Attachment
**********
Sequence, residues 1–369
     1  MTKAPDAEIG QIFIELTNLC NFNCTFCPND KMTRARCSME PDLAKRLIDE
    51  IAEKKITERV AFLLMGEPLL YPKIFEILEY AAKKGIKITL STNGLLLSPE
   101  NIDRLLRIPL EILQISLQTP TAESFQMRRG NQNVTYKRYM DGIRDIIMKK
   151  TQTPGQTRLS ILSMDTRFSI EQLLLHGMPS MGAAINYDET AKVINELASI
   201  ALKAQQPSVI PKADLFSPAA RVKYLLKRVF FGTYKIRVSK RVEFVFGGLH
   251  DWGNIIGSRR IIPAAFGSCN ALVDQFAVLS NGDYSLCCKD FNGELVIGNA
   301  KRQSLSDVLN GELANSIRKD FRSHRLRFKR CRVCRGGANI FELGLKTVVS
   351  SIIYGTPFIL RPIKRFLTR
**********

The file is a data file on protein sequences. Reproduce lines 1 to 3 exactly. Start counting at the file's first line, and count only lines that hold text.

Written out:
Sequence, residues 1–369
     1  MTKAPDAEIG QIFIELTNLC NFNCTFCPND KMTRARCSME PDLAKRLIDE
    51  IAEKKITERV AFLLMGEPLL YPKIFEILEY AAKKGIKITL STNGLLLSPE